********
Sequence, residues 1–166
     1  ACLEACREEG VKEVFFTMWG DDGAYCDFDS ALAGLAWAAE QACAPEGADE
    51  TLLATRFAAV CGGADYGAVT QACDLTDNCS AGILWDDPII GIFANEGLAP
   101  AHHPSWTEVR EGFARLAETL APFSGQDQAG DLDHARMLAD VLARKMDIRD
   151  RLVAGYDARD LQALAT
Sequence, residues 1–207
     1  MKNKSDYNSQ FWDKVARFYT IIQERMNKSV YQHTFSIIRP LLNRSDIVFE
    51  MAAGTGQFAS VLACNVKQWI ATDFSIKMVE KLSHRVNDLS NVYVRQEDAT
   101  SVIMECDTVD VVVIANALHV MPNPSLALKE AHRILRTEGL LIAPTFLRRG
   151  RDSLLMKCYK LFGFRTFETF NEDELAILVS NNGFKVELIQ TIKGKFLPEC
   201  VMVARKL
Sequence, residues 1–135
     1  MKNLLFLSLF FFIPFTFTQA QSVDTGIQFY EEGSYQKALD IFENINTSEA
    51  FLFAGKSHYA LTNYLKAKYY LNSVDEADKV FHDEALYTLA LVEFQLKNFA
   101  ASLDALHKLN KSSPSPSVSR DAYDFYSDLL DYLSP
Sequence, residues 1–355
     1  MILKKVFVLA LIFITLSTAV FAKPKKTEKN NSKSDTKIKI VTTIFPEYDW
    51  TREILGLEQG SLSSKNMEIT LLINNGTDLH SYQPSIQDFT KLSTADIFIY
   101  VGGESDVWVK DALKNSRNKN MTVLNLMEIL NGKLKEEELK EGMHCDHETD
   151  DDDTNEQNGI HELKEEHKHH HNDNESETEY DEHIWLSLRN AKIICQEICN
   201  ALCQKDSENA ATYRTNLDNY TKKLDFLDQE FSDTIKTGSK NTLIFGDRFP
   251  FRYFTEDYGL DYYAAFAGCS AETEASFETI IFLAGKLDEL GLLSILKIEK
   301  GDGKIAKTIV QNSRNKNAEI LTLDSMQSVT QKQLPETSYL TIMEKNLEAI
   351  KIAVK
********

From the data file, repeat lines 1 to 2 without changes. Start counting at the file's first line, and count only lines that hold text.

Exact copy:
Sequence, residues 1–166
     1  ACLEACREEG VKEVFFTMWG DDGAYCDFDS ALAGLAWAAE QACAPEGADE